Millennials–A Chosen Generation
–A New Breed
You Talkin' to Me?
It’s early in the morning, and I’ve got millennials on my mind. You know who you are – you are those folks born somewhere between 1982 and 2002 - young adults who are currently in their 20’s and early 30’s. You are my kids and my kid’s friends. I see you all around me. You are some of the smartest, most gifted and most passionate people I know. You provoke me, you challenge me, you ask me tough questions – and you expect direct answers. You despise hypocrisy, half-truths and fake people. You are raw, transparent and fun to be with (well, ok....most of the time). It’s also true that there are those among you who can be exasperating, impatient, moody and yes...intolerant!
Most importantly, you are some of the most spiritually sensitive, spiritually aware, and spiritually gifted people I have ever met. You have God-given gifts and abilities that many of you don’t even recognize or understand. Many of you may feel like you are “different” somehow, that you just don’t fit in with the world around you. You know there is something more – something bigger – but you haven’t figured out where to go to have your hard questions answered.
Perhaps you believe that no one wants to hear you – or that no one will understand. Many of you have experienced supernatural encounters from a young age. Experiences you’ve never spoken about – but would like to – if you could just find someone who would listen without mocking or dismissing you. I know this because I’ve talked to many of you in my office, at my kitchen table, at the mall, and by email.
So why did I wake up with you on my mind? Well, to be honest, it was the Holy Spirit who woke me up and stirred my spirit on your behalf. (Okay – don’t stop reading right now because I used the term Holy Spirit – this is precisely the point of this article.)
As a Jesus-loving, Bible-believing, grace-filled, truth-telling, Spirit-led Christian I am confused as to how I’m supposed to communicate with you about issues of faith. I know how many questions you have. You and I seem to have no problem talking about your life, your anxiety, your abuse, your addictions, your sexuality, your family issues, your future, and even your spirituality – so why is there such a disconnect when I try to talk to you about Jesus and the Bible? I could use some help.
I can see how the Church has failed your generation. The last command that Jesus gave His followers was to “go and make disciples... baptizing them in the name of the Father and the Son and the Holy Spirit - teaching these new disciples to obey all the commands I have given you.” (Matthew 28:19-20, NLT) He also said, “these signs will accompany all those who believe in Me – they will drive out demons; they will speak in new languages; they will pick up snakes; and if they should drink any poison, it will never harm them; they will lay hands on the sick, and they will get well.” (Mark 16:17-18) Pretty cool, huh? Wouldn’t you like to be part of some supernatural activity like that? It is possible for those who believe...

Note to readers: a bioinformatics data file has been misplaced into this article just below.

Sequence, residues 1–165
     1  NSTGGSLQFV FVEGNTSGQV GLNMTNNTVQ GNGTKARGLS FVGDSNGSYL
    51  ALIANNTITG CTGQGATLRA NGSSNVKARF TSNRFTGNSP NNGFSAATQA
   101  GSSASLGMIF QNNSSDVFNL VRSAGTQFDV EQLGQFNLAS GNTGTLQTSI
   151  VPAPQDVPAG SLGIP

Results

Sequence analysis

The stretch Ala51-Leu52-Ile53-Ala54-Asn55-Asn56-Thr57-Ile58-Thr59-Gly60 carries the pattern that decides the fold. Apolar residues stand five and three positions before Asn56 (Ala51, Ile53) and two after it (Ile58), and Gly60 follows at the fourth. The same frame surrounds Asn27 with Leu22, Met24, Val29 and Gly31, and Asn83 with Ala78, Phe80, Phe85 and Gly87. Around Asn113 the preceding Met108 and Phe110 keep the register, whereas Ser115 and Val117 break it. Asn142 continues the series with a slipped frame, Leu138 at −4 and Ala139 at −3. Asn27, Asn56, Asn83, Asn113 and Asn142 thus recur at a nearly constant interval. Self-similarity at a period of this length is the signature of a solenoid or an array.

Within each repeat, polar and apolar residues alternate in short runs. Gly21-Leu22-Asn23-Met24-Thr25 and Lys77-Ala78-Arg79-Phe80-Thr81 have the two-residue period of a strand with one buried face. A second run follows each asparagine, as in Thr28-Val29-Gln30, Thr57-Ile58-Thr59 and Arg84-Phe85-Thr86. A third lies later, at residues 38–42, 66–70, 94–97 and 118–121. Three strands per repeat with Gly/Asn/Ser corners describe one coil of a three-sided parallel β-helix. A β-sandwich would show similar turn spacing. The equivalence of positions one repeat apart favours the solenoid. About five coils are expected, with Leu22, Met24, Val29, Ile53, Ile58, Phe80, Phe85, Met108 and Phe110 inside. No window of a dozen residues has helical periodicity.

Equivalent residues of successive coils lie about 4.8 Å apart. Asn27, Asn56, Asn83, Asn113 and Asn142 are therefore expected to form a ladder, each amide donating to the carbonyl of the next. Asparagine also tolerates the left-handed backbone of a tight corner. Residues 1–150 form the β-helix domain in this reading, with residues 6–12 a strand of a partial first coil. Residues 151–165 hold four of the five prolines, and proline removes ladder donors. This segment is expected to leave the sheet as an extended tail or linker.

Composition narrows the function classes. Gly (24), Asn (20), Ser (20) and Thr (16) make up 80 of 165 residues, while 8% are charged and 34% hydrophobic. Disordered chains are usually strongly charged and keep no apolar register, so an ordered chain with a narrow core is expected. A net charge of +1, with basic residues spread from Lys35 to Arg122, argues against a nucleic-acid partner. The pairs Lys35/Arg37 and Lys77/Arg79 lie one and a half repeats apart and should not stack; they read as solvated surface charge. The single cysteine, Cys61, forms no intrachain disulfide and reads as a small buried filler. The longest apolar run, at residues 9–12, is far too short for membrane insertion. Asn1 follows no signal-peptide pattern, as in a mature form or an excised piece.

I’ve been told that millennials, while often identifying themselves as Christian, don’t want to hear “religious” talk – that too many millennials, the word “Christian” carries negative connotations. It’s been suggested that I avoid terms such as “prayer,” “salvation,” and “worship” (along with a myriad of other “Christian-Eze” terms) in my attempts to connect with you. It has been recommended that I find terms that are more acceptable - more “palatable” - to this generation of young adults. But I have yet to find someone who can define what those “more acceptable” terms might be.
I’m struggling with that.
This is my dilemma – if it walks like a duck, and talks like a duck; then it’s probably a duck. Take prayer for example. Prayer is prayer the world over. It is an ancient spiritual discipline that defines a spiritual conversation between a believer and God – it is an interactive process that involves your mind, heart, and spirit. For a Christian, it is a reflection of our love and relationship with our Lord Jesus. Any healthy relationship requires that we communicate with other people. If I am to have a relationship with someone, it will require that I talk with them and listen to them on a regular basis – it requires a “give-and-take” dialogue between both parties. It’s pretty simple to me. So what am I missing? If I sent out an invitation to join me for a “conversation with God” would that draw a millennial crowd any quicker than an invitation to join me in prayer? Maybe I’m missing something.
I’ve been beating myself up thinking that I need to come up with a whole new language to reach and teach your generation about Jesus. But how do I do that? Where do I start?
I’m willing to stretch, to try new things, and to let go of what doesn’t work. What I’m not willing to do is to compromise the gospel of Jesus or His Word (the Bible) to make it more “tolerable,” “palatable” or “less offensive” to others.
This morning I believe the Holy Spirit gave me my answer. He showed me that if I want to invite someone for a steak dinner, I’m not going to tell them that I’m serving hummus. It’s a steak. Call it what it is. When we say what we mean, and mean what we say, we take the confusion away. For a generation who desires truth, this can be my only response.
If you and I really want to call ourselves Christians, shouldn’t we understand what that means? I can sleep in a garage, but it doesn’t make me a car. Neither does saying a prayer or sitting in a church service make me a Christian. Followers of Jesus have a responsibility to understand who He is, what He did, what He said, and what He wants.
This is what else the Holy Spirit showed me this morning. . . .
Please go back and take a look at my first three paragraphs. Those descriptions and character traits could have been applied to any generation of young adults – from the “greatest generation that ever lived” (those born up to 1946), to the “baby boomers” (those born between 1946-1964), to “generation X” (those born between 1965-1984), to the “millennials” (those born between 1982-2004).
Could it be that the problem is not a language barrier, but something else?
How is it that a North American Christian can sense the tangible presence of God on an African missionary who can speak only with help from an interpreter?
How is it that a 21st century Christian can weep at the lyrics of a hymn written in the language of an 18th century Christian?